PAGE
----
The Watkinsville chapter was founded on June 25, 2007 and is the youngest in the Georgia State Society NSDAR. The chapter meets monthly August through May, at the Oconee Library. To find out more about the DAR and genealogical research contact local Regent Dana Anderson at email@example.com or visit http.revjohnandrew.georgiastatedar.org.
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Reverend John Andrew Chapter
National Society Daughters of the American Revolution
Revolutionary Patriots buried in Oconee County, Georgia
Rev. John Andrew, (24 Sept 1758-10 Mar 1830), Mt. Zion Cemetery off U. S. Highway 441 S
John Barnett, (7 June 1762-10 Mar 1814), Buried in family cemetery off Barnett Shoals Rd.
William Scott Branch, (1765-1839),
Stephen Crow, (28 Feb 1750-8 Aug 1830), Mars Hills Baptist Church Cemetery
William Daniell, (d. 5 Sept 1840), Mars Hills Baptist Church Cemetery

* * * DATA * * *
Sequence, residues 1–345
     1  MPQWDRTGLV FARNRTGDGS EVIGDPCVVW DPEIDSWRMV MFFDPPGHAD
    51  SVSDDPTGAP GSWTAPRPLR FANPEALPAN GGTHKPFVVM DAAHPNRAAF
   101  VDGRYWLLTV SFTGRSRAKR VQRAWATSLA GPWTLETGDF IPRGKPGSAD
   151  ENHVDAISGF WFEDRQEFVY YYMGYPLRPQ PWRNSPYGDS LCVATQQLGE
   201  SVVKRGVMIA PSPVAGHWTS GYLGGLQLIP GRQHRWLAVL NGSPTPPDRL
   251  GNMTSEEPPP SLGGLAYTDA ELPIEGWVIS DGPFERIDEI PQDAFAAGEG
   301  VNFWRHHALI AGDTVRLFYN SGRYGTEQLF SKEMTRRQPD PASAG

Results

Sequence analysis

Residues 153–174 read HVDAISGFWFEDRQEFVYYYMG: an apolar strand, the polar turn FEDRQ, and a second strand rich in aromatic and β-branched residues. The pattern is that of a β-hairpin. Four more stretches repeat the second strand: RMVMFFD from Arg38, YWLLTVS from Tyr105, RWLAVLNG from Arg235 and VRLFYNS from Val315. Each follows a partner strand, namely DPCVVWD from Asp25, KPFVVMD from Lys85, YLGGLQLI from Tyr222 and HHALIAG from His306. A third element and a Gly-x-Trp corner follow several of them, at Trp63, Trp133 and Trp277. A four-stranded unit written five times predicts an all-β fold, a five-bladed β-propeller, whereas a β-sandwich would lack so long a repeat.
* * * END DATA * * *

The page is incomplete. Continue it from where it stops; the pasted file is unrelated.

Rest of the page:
David Elder, (7 Jan. 1760-4 Aug. 1853), Elder Cemetery off Elder Mill Rd.
Anderson Fambrough, (10 Jan 1759-8 Nov 1815), Fambrough Cemetery off U. S. Hwy 15 S near Green County line
James Greer, (15 Jan 1742-ante 5 Sept 1825), Buried on the Greer family land off GA Hwy 53
Ben Hagood lived in Oconee County but was buried in Hancock County, GA. There is a memorial stone in the cemetery at Mars Hill Baptist Church
Moses Hopkins, (1760-6 Jan 1810), Mars Hills Baptist Church Cemetery
John Nunnally, (12 Feb 1758-10 June 1825),
James Sloan, (1744-1808)
John Stroud, (1732-1805), Mars Hills Baptist Church Cemetery
Philip Tigner, (12 Feb 1758-10 June 1825). Buried in family cemetery on Beechnut Lane, near Elder Covered Bridge.
William Willoughby, (24 Sept 1759-ante 2 Nov 1829), Presumed to be buried at Antioch Christian Church, Antioch Church Rd.
About Brigadier General, Maria Britt; Commanding
Brigadier General Maria L. Britt is a native of